Staked Ether levels have dropped by $1.3 billion over the past week after the blockchain’s upgrade dubbed Shapella enabled withdrawals.
Investors withdrew 1.36 million Ether valued at around $2.6 billion and deposited only 714,290 Ether worth $1.4 billion in the week after Shapella went live — a net outflow of 647,050 coins, according to data from TokenUnlocks.
While some analysts had anticipated the upgrade would trigger a sell-off after the upgrade led to more tokens in the market, its price has remained relatively stable.
Since the commencement of withdrawals last week, the second-largest cryptocurrency has seen a moderate price increase of approximately 1.5%, currently trading around $1,970.
“ETH often has more than $10 billion of trading volume on a single day,” Patrick Scott, a crypto analyst, told DL News. “The outflows are likely less consequential than normal crypto market volatility.”
The withdrawals from Ethereum’s staking contract are likely far from over.
In order to keep Ethereum secure, the network limits the number of withdrawals that can take place concurrently. This means those who wish to withdraw their Ether must enter a withdrawal queue.
Based on the amount of Ether currently in line for full withdrawals, those entering the queue now will need to wait over two weeks before receiving their Ether.
Data from crypto analytics platform Nansen shows that 741,750 Ether, worth approximately $1.4 billion, is currently queued for full withdrawal. Of this amount, 68% of withdrawals are due to come from Coinbase, Binance and Kraken — the top three centralised exchanges that stake Ether on behalf of their customers.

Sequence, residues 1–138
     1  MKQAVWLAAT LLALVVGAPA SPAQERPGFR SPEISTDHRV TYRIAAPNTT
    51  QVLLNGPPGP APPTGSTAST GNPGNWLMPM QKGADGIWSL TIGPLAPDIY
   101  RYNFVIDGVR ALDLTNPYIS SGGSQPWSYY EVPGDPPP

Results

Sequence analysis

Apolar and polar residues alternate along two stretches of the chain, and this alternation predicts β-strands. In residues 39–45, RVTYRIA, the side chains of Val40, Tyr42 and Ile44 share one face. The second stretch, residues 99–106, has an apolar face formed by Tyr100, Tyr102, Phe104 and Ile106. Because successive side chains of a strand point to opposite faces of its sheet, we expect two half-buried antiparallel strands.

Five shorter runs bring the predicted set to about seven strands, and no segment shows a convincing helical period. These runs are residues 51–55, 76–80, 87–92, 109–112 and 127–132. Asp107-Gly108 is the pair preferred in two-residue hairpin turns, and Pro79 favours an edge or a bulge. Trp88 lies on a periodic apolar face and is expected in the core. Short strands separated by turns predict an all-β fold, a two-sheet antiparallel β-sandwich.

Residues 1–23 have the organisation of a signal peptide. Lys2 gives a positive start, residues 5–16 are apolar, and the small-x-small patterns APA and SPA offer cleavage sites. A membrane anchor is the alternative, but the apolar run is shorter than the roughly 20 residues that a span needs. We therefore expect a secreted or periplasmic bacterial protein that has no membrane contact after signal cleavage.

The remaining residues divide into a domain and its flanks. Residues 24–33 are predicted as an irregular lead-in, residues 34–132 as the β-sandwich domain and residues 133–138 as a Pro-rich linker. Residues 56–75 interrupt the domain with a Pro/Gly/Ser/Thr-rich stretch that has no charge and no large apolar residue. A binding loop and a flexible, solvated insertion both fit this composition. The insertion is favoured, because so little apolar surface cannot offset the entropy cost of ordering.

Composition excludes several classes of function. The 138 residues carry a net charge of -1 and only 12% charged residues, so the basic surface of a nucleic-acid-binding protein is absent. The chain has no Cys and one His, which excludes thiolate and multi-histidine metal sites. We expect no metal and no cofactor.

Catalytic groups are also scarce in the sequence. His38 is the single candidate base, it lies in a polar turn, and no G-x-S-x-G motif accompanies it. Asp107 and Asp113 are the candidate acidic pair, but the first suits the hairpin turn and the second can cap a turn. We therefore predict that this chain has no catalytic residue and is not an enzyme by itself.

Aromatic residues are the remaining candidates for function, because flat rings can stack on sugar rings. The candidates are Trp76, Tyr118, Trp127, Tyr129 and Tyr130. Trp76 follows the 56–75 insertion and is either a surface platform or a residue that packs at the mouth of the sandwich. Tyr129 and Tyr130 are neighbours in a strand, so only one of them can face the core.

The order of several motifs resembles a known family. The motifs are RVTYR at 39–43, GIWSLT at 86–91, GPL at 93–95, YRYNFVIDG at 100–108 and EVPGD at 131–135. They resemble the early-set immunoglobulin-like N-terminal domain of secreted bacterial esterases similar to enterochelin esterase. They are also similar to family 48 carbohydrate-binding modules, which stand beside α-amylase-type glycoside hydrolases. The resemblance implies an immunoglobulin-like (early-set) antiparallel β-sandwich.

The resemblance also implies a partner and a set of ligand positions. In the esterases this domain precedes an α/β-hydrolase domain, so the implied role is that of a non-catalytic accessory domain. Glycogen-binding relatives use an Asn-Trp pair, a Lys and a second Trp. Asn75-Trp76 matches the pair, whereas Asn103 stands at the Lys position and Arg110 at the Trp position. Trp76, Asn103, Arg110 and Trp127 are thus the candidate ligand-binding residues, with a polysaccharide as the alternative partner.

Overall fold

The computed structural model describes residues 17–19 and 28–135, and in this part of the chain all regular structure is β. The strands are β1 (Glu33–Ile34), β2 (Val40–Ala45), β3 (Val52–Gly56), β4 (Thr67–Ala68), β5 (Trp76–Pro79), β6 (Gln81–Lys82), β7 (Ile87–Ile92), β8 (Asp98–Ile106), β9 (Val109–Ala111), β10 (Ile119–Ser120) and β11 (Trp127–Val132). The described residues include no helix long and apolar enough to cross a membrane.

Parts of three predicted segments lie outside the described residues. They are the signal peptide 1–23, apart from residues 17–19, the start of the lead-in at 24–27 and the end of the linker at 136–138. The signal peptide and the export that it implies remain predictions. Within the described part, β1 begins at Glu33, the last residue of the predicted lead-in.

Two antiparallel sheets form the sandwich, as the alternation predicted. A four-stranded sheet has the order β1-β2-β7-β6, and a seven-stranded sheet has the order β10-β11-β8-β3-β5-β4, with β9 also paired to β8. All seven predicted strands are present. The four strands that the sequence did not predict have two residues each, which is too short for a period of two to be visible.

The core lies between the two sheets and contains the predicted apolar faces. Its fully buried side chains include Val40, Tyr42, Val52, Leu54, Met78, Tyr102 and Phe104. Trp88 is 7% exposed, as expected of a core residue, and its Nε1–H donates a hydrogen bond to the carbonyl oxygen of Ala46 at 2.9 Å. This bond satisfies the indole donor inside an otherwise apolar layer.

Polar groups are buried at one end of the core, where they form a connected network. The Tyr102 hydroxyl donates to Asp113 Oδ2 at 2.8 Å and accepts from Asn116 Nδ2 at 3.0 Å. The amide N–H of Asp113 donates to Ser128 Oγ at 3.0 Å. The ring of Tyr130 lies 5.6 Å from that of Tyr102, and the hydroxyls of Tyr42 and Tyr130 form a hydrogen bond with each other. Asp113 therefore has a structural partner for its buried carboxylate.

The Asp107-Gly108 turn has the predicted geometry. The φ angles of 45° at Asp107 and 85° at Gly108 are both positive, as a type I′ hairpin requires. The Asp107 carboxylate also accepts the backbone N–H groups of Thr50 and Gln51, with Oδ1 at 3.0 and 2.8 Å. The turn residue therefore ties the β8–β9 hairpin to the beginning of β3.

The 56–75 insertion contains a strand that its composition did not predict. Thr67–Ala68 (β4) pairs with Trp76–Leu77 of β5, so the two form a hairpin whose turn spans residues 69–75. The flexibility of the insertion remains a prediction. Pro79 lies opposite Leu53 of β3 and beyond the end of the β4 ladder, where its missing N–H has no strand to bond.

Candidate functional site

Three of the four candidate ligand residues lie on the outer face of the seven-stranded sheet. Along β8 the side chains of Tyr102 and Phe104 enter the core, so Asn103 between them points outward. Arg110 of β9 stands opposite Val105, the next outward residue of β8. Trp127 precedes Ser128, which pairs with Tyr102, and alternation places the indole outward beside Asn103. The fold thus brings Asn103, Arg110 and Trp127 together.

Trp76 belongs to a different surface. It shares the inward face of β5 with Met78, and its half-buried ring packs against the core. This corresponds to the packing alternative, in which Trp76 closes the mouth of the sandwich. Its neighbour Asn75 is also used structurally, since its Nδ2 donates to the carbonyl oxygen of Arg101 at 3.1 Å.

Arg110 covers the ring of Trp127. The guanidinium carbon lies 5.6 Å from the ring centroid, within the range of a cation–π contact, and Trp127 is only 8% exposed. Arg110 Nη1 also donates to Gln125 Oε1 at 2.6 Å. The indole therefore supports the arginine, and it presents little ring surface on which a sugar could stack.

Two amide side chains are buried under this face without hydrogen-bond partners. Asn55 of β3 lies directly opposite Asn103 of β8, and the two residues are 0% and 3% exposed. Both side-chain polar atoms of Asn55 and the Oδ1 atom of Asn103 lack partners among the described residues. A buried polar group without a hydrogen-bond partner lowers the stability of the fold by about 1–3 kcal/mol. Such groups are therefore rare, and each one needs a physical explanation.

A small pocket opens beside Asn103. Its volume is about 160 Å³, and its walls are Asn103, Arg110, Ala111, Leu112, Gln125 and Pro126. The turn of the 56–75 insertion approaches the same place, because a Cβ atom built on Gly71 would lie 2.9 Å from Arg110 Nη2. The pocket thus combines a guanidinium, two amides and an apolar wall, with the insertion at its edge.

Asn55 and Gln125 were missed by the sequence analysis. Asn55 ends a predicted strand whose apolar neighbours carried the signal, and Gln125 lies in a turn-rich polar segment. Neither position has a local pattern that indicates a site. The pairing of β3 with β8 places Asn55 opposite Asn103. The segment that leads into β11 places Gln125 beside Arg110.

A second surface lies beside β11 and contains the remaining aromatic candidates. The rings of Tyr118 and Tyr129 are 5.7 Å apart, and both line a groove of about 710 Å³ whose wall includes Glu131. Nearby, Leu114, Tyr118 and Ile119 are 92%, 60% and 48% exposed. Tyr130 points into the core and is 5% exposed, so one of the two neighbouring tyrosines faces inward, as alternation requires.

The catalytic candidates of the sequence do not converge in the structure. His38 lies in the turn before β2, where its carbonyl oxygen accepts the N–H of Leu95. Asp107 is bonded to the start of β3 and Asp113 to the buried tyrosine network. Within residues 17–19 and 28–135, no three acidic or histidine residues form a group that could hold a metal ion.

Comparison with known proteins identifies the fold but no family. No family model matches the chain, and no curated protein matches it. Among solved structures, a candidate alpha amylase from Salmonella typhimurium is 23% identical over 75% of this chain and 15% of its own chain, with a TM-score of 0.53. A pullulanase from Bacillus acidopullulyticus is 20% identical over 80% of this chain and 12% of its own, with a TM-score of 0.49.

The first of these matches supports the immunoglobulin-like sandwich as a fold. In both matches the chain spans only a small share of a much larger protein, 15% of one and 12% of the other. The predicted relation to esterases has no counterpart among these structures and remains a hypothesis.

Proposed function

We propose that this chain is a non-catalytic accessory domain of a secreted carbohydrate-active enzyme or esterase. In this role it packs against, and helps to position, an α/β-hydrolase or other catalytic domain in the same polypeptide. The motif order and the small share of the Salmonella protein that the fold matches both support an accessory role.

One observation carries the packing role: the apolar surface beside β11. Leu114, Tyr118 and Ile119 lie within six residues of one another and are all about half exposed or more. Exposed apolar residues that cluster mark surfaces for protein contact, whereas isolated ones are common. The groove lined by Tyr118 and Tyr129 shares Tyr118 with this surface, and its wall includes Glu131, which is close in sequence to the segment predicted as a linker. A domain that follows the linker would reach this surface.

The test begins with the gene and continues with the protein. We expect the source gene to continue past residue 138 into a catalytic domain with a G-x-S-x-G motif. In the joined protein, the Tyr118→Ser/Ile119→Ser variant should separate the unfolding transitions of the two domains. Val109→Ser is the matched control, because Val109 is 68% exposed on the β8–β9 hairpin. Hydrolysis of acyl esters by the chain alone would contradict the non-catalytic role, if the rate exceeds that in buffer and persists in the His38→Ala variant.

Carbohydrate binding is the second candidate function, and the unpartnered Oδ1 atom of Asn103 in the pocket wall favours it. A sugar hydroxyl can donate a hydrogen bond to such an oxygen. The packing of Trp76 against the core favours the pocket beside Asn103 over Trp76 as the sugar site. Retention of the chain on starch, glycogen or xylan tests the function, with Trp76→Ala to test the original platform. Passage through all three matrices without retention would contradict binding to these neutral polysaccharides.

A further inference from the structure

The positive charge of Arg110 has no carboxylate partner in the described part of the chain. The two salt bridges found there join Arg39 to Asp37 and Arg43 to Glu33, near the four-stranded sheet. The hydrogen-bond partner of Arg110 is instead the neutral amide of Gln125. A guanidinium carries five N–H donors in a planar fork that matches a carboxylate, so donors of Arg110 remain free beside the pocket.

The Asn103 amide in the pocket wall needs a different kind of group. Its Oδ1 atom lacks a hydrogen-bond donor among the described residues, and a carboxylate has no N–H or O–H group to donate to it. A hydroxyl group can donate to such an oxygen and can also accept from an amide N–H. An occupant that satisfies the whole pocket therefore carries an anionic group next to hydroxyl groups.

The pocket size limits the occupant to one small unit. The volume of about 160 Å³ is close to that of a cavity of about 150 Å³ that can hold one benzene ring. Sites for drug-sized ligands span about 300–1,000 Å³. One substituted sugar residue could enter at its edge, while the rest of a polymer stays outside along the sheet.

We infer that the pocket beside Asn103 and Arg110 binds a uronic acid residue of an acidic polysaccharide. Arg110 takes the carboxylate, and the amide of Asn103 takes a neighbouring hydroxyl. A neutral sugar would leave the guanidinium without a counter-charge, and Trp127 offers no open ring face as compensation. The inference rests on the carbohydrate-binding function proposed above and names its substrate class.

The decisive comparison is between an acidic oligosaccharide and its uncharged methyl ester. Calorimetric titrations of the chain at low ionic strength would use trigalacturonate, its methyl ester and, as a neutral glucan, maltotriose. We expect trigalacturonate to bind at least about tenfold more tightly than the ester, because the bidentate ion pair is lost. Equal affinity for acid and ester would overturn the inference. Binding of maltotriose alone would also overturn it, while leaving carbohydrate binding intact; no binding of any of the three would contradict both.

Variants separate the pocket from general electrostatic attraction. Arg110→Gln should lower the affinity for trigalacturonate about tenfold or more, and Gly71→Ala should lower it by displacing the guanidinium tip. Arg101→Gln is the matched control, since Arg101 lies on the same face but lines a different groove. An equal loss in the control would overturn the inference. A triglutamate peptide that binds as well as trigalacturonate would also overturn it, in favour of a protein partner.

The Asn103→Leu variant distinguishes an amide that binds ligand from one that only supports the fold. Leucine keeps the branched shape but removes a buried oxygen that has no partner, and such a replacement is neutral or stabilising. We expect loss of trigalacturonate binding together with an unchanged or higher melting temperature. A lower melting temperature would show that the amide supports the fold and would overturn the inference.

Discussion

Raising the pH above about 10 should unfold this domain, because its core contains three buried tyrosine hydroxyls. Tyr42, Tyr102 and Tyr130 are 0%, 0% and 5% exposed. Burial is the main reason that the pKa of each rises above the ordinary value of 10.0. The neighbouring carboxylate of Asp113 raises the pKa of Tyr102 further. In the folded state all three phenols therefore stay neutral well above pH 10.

Although stakers are in the process of withdrawing billions of Ether, the outflows may not be leaving the market altogether. Data from DefiLlama highlights significant inflows into so-called liquid staking services such as Lido, Rocket Pool, and StakeWise.
These decentralised protocols allow users to stake Ether and receive staking tokens – like token receipts – in return, such as stETH for Lido and rETH for Rocket Pool. Staking tokens often trade close to the price of Ether, but they aren’t pegged – fixed to the price of Ether – by design.
Lido, the leading liquid staking derivative provider, has experienced a surge in the amount of Ether staked via its protocol, with a notable 2.2% increase over the past week. This uptick is equivalent to roughly 120,000 additional Ether worth about $236 million, demonstrating a significant shift in investor sentiment towards liquid staking services.
Elsewhere Rocket Pool, the third-biggest liquid staking token provider, registered an inflow of about 7%. Two smaller liquid staking protocols — ether.fi and Frax Ether — have also seen gains of about 21% and 14%, respectively, in the same period.
However, cbETH, or Coinbase Wrapped Staked ETH, the only liquid staking token issued by a centralised exchange, saw its supply decrease 2.7% in the same period.
In recent months, liquid staking services have garnered significant popularity, largely due to their ability to allow stakers to employ their staking tokens – and consequently, the staked Ether by extension – across various other DeFi protocols.
Several DeFi lending protocols including Aave accept these tokens as collateral to issue cryptocurrency loans.